The inevitable has happened. Call of Duty: Black Ops II microtransactions are coming. Activision is dropping them into the game starting March 13, 2013. Hold back your outrage and frustration, however, as these microtransactions are mostly harmless and won’t break your game. In the case of these add-ons, you probably won’t even notice if people are using them, or if they’re there.
The fear with microtransactions are that they’ll upset the balance of the game. People could pay to immediately upgrade a character or get access to legendary weapons, which would push away people who don’t want to spend real cash to compete. Even in cases where the microtransactions are paying for items people could also eventually earn, it’s unfair as it still gives a select group early access just because they’re willing to pay to cheat. The Call of Duty: Black Ops II microtransactions don’t do either. All these add-ons are doing is making the characters prettier.
Okay, perhaps prettier isn’t the best word for it. The majority of the Call of Duty: Black Ops II microtransactions are cosmetic. They’re just designed to make players’ characters more unique and they’re completely optional. Let’s say you want your weapon, reticle and calling card to look different. For $2/160 Microsoft Points, you can get a Personalization Pack and do just that. It doesn’t improve your stealth skills or aim, it just changes the way the character looks. The same can be said for the Flags of the World Calling Card Pack. For $1/80 MSP, you get a different calling card that has a flag on it.
Sure, I guess you could be upset about those updates, but why bother. When I’m playing a multiplayer shooter, I don’t care what my character’s armor or weapon look like. I’m paying more attention to my teammates and opponents. I’d wager most Call of Duty players feel the same. Would I like DayGlo pink armor and a reticule shaped like a heart? Sure, but I’m not going to throw a fit if I have to go with the standard camo and reticule.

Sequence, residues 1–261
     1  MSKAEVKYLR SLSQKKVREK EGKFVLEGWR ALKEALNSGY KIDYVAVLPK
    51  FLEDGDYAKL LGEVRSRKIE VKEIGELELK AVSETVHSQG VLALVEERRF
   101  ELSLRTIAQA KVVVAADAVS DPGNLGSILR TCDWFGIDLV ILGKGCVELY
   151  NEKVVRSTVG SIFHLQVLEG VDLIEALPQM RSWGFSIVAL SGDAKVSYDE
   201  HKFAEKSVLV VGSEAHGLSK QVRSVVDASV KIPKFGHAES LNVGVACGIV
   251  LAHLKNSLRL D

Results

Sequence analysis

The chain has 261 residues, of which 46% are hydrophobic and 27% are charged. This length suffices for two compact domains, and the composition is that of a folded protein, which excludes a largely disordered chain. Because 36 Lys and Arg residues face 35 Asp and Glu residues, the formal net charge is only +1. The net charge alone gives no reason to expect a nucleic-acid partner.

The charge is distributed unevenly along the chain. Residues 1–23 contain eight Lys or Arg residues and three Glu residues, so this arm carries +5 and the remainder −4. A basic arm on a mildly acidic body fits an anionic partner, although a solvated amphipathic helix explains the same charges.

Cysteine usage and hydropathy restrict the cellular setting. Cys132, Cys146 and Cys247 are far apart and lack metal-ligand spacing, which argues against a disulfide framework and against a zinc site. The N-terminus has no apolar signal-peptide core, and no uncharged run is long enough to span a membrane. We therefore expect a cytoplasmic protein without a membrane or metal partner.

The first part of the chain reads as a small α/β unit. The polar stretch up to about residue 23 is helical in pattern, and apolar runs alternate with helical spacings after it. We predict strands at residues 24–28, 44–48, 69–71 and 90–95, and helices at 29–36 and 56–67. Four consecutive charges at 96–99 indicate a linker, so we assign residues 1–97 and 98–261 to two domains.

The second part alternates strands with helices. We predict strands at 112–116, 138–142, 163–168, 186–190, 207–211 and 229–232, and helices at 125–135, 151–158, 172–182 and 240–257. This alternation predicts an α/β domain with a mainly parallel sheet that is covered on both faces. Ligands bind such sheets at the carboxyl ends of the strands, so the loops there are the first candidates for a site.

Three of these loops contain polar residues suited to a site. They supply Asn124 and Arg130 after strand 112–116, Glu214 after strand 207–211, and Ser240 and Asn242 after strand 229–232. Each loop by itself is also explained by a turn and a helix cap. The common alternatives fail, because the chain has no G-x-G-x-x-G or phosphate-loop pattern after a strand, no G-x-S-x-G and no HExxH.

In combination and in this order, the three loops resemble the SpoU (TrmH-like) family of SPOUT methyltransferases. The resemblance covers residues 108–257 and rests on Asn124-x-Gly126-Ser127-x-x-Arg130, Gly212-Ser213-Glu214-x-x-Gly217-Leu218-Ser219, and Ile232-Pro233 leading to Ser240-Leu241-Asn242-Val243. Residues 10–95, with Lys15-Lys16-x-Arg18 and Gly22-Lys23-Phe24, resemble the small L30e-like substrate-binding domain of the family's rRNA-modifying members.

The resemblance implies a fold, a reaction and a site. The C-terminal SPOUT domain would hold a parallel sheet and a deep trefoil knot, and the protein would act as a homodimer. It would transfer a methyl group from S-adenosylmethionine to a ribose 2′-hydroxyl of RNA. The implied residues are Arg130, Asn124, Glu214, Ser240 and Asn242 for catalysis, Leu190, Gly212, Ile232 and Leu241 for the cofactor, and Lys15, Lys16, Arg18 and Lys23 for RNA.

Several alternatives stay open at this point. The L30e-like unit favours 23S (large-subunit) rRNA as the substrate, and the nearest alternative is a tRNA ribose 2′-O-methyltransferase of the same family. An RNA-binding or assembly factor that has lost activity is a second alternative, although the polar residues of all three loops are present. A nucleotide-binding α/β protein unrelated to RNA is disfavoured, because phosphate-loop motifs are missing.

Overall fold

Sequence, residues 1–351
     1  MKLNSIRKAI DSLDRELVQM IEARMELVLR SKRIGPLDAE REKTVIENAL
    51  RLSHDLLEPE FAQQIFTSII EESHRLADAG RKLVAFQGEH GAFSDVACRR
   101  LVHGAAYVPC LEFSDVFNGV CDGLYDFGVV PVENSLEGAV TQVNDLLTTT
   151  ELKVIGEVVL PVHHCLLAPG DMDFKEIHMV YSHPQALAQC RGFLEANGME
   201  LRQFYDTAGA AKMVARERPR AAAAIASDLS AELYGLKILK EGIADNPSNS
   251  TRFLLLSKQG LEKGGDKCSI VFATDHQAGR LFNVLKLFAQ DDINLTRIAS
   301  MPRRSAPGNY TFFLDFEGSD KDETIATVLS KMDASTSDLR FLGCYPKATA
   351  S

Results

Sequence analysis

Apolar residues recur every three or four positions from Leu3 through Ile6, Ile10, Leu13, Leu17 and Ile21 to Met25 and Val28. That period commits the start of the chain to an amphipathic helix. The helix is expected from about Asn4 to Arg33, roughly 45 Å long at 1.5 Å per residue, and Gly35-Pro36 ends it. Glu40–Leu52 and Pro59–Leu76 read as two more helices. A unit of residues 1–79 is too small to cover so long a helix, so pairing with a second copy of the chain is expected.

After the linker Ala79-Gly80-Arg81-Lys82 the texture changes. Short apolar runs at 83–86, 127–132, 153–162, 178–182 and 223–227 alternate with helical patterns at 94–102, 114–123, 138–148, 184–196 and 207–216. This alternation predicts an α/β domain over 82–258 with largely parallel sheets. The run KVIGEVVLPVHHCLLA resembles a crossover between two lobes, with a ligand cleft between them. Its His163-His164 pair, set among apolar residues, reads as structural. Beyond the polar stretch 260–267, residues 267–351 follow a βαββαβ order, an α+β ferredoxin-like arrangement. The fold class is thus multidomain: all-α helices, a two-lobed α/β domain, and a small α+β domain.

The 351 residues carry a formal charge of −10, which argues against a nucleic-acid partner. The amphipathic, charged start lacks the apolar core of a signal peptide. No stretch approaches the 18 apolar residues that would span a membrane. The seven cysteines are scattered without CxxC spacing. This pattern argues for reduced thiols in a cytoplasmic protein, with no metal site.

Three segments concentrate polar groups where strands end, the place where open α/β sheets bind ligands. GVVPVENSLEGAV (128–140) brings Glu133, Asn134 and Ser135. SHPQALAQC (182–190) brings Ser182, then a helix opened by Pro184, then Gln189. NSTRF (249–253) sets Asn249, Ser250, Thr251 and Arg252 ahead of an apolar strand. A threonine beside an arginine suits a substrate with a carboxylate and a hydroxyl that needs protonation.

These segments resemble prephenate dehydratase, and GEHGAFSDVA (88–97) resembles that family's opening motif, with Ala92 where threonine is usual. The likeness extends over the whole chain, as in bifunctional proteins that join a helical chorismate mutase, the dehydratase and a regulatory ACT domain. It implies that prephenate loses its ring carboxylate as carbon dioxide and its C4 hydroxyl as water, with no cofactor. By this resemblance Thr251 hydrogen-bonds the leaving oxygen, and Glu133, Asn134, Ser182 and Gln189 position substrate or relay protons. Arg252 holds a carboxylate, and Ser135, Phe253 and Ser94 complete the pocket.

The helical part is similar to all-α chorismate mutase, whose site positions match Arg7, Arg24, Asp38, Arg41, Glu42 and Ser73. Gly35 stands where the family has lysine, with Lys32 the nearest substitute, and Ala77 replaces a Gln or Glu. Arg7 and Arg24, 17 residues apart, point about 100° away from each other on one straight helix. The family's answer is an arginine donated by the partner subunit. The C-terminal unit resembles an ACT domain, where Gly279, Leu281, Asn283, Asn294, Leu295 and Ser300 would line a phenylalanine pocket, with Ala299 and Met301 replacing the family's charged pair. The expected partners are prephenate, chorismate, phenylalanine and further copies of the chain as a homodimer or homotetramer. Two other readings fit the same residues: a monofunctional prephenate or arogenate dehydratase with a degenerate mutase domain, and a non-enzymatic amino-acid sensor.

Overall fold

In fact, the only one of the Call of Duty: Black Ops II microtransactions that could cause some hurt feelings is the Extra Slots pack. In addition for extra room for 20 more emblems, 32 extra films and 40 screenshots, it gives more Create-a-Class loadout slots. That’s kind of a big deal, since it allows for more customization options for characters. If someone has this pack, they’ll be better prepared for any situation. Still, I doubt it would give that many people a better advantage. If someone is a fantastic player, facing someone else who does have the $2/160MSP Extra Slots Pack isn’t going to make much of a difference.
If anything, we should be happy that Activision decided to take this route with Call of Duty: Black Ops II microtransactions. The company could have patched the game to add in godlike weapons. It could have let people pay to adjust or remove Lethal or Tactical grenade restrictions. All it’s doing is giving people the option to a pay a few dollars to personalize their game or increase storage. Call of Duty: Black Ops II‘s honor is unharmed and while this is setting a precident for future games by easing in the idea of microtransactions, for the moment their introduction isn’t hurting anyone.
Site [Call of Duty: Black Ops II]